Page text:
Reporting from Mexico City — The floats danced with whimsy. The fireworks wowed. The light show rocked.
But a week after Mexico's bicentennial bash, inquiring minds have obsessed on another spectacle: Who was the really tall guy built of steel and off-white plastic? And (since this is conspiracy-minded Mexico), is the government concealing his real identity?
The giant's name is El Coloso, or Colossus, a 60-foot-tall, square-jawed figure assembled by creators Jorge Vargas and Juan Carlos Canfield for Independence Day festivities.
On the night of the main celebration in Mexico City, El Coloso was paraded in sections before tens of thousands of revelers. At the end, he was lifted to his full, Paul Bunyanesque stature in the main plaza, where he towered over President Felipe Calderon's big "Viva Mexico!" finale.
Since then, people have kept talking about the 8-ton figure with the stern visage and a robust mustache worthy of rocker Freddie Mercury. Bloggers and others have turned an idle question — who does it look like? — into an oddball mystery. No guess seems too wacky.
Many people spot a resemblance to Soviet leader Josef Stalin. Others see Mexican revolutionary Emiliano Zapata, who is on people's minds in part because this year also marks 100 years since the Mexican Revolution.
Was El Coloso modeled after (mustachioed) former President Vicente Fox? Ranchera crooner Vicente Fernandez? Slain presidential candidate Luis Donaldo Colosio?
Maybe it's the effect of the country's drug war, but some people insist he resembles Jesus Malverde, patron saint of narco-trafficking. Someone suggested playfully via Twitter that the statue was really a Trojan horse — once inside the security perimeter of the plaza, or Zocalo, drug-gang hit men would come pouring out.
As speculation took off, officials at the Education Ministry, which oversaw the bicentennial festivities, had enough. On Sunday, the agency issued a disclaimer: El Coloso wasn't Zapata. Nor Stalin. Nor Fernandez. Nor Colosio. El Coloso was no one — and everyone.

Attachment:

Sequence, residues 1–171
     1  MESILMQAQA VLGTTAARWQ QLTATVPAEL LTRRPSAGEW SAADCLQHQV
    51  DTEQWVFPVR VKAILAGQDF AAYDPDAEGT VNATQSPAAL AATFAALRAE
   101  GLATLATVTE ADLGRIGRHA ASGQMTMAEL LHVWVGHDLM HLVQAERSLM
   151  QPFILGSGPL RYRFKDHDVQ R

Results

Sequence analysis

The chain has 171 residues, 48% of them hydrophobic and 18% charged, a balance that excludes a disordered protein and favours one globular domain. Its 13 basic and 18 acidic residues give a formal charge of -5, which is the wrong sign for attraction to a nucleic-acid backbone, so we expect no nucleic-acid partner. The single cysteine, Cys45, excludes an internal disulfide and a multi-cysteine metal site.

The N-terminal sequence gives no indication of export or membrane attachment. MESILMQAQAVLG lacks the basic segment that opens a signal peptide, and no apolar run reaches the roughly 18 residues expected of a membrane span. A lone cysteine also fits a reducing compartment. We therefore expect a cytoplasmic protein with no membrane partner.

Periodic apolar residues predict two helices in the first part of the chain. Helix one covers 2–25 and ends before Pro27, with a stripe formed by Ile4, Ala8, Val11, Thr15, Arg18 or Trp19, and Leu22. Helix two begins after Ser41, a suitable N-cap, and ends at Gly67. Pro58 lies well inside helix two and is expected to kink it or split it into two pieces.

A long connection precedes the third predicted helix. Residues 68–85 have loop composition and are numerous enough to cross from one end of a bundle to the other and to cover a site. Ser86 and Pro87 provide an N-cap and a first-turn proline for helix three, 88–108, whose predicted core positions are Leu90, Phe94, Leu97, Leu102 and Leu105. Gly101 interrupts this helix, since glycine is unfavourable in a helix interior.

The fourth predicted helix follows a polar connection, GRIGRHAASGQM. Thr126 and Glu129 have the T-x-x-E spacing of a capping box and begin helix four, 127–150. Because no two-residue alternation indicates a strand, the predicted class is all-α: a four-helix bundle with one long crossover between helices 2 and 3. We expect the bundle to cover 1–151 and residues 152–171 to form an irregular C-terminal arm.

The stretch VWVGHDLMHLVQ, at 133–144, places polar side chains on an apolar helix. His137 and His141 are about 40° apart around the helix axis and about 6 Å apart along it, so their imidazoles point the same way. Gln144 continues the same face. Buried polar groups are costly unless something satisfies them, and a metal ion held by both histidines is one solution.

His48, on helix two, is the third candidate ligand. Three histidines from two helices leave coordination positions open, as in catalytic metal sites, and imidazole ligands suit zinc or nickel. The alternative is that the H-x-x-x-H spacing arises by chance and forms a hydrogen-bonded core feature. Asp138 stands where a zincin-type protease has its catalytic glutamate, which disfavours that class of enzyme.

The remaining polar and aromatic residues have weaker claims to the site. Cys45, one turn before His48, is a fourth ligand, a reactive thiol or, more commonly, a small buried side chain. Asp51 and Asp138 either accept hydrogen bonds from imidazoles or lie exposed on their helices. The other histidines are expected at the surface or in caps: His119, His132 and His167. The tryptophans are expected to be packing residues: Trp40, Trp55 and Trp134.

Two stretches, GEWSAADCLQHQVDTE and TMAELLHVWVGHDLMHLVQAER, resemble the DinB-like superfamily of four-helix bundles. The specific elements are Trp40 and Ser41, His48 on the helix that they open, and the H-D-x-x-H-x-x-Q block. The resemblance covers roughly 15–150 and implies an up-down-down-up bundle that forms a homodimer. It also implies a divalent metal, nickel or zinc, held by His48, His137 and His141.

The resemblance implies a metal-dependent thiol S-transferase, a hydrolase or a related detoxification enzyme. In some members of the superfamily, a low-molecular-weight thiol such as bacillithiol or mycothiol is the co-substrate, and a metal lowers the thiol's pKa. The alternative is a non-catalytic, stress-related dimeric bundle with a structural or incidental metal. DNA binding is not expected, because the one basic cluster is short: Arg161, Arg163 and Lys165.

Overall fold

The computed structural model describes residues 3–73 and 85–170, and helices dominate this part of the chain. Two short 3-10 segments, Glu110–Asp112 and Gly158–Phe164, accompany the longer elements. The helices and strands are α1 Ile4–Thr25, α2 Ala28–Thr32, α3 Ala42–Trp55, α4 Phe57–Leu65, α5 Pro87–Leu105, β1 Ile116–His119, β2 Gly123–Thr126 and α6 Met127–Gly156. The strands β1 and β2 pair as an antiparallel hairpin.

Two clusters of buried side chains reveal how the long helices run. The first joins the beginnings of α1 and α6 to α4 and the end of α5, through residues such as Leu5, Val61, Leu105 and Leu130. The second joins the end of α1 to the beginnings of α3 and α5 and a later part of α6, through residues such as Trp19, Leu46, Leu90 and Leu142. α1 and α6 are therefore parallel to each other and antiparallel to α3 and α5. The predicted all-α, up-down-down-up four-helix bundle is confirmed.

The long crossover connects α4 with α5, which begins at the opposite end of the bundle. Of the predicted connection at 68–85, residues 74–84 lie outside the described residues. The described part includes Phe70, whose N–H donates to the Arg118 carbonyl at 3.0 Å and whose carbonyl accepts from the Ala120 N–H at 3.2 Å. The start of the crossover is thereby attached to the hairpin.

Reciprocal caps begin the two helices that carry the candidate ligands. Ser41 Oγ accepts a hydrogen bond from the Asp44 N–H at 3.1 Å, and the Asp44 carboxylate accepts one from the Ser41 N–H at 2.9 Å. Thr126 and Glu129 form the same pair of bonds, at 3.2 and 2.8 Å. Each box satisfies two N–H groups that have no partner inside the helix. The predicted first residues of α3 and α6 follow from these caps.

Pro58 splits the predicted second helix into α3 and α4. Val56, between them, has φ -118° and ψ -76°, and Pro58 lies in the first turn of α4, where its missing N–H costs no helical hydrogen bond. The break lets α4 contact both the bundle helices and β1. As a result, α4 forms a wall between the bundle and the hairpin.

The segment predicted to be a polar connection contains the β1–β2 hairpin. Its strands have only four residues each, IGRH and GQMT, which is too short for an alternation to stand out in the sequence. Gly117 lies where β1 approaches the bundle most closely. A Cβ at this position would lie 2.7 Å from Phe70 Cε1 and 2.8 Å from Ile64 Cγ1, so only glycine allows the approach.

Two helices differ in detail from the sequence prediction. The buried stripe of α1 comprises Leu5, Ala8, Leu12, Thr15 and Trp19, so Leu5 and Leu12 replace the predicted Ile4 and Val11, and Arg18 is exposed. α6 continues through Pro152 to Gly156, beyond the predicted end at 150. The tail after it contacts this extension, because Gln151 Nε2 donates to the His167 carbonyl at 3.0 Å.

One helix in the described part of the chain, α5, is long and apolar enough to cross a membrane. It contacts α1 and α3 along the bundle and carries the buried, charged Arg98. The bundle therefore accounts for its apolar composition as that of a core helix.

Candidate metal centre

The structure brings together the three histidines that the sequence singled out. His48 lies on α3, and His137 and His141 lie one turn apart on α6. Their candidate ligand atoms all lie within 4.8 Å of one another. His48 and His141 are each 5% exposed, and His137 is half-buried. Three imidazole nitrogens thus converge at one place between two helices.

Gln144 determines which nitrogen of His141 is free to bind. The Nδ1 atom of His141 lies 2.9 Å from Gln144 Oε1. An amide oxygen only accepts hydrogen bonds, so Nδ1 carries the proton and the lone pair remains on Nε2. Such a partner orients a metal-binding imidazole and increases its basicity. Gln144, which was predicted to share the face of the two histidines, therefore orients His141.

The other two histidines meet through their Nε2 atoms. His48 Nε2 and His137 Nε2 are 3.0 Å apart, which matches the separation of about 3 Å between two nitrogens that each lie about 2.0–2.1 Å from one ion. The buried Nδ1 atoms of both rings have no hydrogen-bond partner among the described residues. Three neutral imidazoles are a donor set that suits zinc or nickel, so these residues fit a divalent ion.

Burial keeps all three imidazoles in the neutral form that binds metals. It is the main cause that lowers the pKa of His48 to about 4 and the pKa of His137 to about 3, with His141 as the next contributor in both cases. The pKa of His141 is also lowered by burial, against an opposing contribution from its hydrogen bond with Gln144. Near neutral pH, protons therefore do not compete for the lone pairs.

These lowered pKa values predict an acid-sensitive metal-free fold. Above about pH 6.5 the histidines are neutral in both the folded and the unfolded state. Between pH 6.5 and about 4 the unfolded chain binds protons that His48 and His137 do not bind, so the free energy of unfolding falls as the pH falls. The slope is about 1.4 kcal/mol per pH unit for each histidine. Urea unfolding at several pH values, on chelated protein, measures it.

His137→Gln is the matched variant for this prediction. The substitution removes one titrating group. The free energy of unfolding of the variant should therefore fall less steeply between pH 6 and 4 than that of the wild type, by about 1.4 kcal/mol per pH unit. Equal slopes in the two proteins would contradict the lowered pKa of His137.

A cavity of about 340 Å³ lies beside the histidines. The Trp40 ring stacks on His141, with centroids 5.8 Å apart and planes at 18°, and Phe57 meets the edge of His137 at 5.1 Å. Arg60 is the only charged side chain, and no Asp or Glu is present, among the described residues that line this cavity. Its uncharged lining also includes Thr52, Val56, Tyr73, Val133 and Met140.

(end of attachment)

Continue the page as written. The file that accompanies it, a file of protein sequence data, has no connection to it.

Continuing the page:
"El Coloso is a tribute to the hundreds of thousands of nameless Mexicans, almost all poor peasants, who took part in the independence movement and wrote a central chapter in Mexican history," the ministry said, adding that the designers drew on facial features from all over. "El Coloso's face … has no specific identity."
But (since this is conspiracy-minded Mexico), the official denial seemed only to fuel the fun, prompting bloggers and journalists to hunt for signs of untruthfulness. It didn't take long.
The daily Excelsior newspaper dug up a weeks-old interview in which sculptor Canfield said there was indeed a real-life model. It was Benjamin Argumedo, a revolution-era general whose checkered history includes switching sides to fight against the revolutionary heroes and ordering the killing of Chinese immigrants in northern Mexico. Argumedo ended up before a firing squad, executed as a traitor.
The designers were drawn to Argumedo's lanky physique and a strong, expressive face that showed "war and hunger and hardships," Canfield said. "We took his anatomy, his face, his character; we tried to reproduce it and in the end adapted it to the identity we were looking for."
Case closed, then? Hardly.
Opposition politicians seized on the comments to criticize the Calderon government for choosing a model that one historian labeled "pathetic."
Education Minister Alonso Lujambio, already facing criticism over the bicentennial celebration's $54-million price tag, dismissed the discussion over El Coloso as "useless."
During a radio interview Tuesday, Lujambio played down similarities to Argumedo but said that, in the end, people will see what they choose.
Amid the hubbub, El Coloso has been nowhere to be seen. He was removed from the Zocalo soon after the party to protect him from the weather.
Education officials say they hope to find an indoor space big enough to let the giant face his eager public again.
Cecilia Sanchez of The Times' Mexico City Bureau contributed to this report.